November 2003 News

Malik's Gaffe Exposes JKLF's Secular Pretensions

10 November 2003
The Statesman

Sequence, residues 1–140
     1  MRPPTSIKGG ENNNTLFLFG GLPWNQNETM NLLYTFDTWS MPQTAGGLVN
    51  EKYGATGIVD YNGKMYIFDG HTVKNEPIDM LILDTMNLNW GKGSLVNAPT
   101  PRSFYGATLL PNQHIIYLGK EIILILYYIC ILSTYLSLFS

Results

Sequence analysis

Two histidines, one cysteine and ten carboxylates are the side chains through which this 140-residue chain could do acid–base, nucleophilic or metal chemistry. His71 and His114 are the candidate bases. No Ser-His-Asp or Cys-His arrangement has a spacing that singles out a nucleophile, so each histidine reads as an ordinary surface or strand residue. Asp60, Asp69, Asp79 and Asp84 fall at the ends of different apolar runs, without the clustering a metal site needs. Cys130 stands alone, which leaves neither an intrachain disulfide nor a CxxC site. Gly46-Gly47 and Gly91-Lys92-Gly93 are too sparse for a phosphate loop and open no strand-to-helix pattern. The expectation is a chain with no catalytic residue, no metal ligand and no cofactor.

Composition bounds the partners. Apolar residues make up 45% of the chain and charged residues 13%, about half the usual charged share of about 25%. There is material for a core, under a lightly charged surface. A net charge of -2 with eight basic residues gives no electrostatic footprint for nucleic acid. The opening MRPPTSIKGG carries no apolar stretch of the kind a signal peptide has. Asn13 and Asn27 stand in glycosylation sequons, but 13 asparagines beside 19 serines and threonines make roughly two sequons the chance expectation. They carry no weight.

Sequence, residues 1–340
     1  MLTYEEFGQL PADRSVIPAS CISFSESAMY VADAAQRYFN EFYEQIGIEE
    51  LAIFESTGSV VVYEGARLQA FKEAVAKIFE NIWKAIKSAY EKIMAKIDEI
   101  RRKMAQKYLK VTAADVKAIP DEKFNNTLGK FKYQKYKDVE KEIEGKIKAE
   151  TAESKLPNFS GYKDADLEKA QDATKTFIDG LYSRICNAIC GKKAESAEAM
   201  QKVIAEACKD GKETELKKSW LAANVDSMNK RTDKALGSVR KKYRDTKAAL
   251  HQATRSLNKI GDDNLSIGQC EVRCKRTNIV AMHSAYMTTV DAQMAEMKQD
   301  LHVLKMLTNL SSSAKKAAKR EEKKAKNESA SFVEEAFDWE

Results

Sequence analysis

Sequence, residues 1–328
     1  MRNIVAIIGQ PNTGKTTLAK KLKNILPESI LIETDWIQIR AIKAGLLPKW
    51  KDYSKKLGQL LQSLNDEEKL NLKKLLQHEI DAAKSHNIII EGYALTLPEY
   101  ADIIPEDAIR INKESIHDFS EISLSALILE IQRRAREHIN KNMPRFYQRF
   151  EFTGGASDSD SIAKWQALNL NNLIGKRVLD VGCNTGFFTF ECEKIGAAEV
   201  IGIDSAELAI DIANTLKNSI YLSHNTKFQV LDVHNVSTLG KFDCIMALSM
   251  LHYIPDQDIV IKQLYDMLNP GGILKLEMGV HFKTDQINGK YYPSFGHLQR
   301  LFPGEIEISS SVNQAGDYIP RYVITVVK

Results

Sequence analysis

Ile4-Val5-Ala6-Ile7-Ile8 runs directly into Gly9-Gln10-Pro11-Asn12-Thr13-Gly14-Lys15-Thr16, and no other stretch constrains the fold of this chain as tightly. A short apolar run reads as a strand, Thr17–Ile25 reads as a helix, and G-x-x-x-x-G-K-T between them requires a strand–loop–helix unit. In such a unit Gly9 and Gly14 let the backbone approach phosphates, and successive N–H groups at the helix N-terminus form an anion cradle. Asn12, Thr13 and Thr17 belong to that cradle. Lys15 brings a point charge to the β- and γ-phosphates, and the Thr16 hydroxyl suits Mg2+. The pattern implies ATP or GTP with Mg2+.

Kolkata: Among separatist outfits in Jammu and Kashmir the JKLF's distinguishing mark was supposed to be that it stood for a secular Kashmiriyat rather than the religious-chauvinist agenda of the jihadi ultras. But JKLF leader Yasin Malik's stand that Kashmiri Pandits ought to be allowed back in the Valley provided they gave up any position on the secessionist movement, sounds exceedingly odd in that context. In a secular disposition anyone has the right to express his political views, and minorities cannot be silenced in exchange for the right to survival. Pandits are right to say that accepting Malik's 'precondition' would relegate them to the status of second class citizens. Malik may have been trying to address a fundamental flaw in the movement for 'self-determination' in the Valley, which can be attained, it appears, only at the cost of purging its minorities - known in today's parlance as ethnic cleansing. He can do so, however, only by sounding blatantly communal. If one were to switch Kashmiri Pandits for Gujarati Muslims, Malik would find Narendra Modi in hearty agreement with him. In reality Malik or Kashmiriyat wouldn't stand a ghost of a chance if Jammu and Kashmir's remote-controlled separatist movement were to be allowed to succeed. Guns and infrastructural support are channelled to those most willing to obey the dictates of the suppliers and Kashmiriyat doesn't feature high in their list of priorities. Terrorists intercepted while infiltrating into the state are turning out more and more to be Pakistani nationals rather than of Kashmiri origin; if they were to succeed the outcome would be outright annexation by Pakistan. But states based on ethnic origin are a 19th century project, which are looking more and more out-of- date in the 21st century. Gross mistakes aside history is on India's side, not Pakistan's, in the struggle over Kashmir. It is testimony to General Musharraf's misrule that Pakistan's worst political rivals - the PPP, the PML(N) and the MMA - are coming together on a common platform against his dictatorship. It cannot be long before someone utters what is now heresy in that country - what about self- determination inside Pakistan itself? It is a question Malik would do well to ponder.

 

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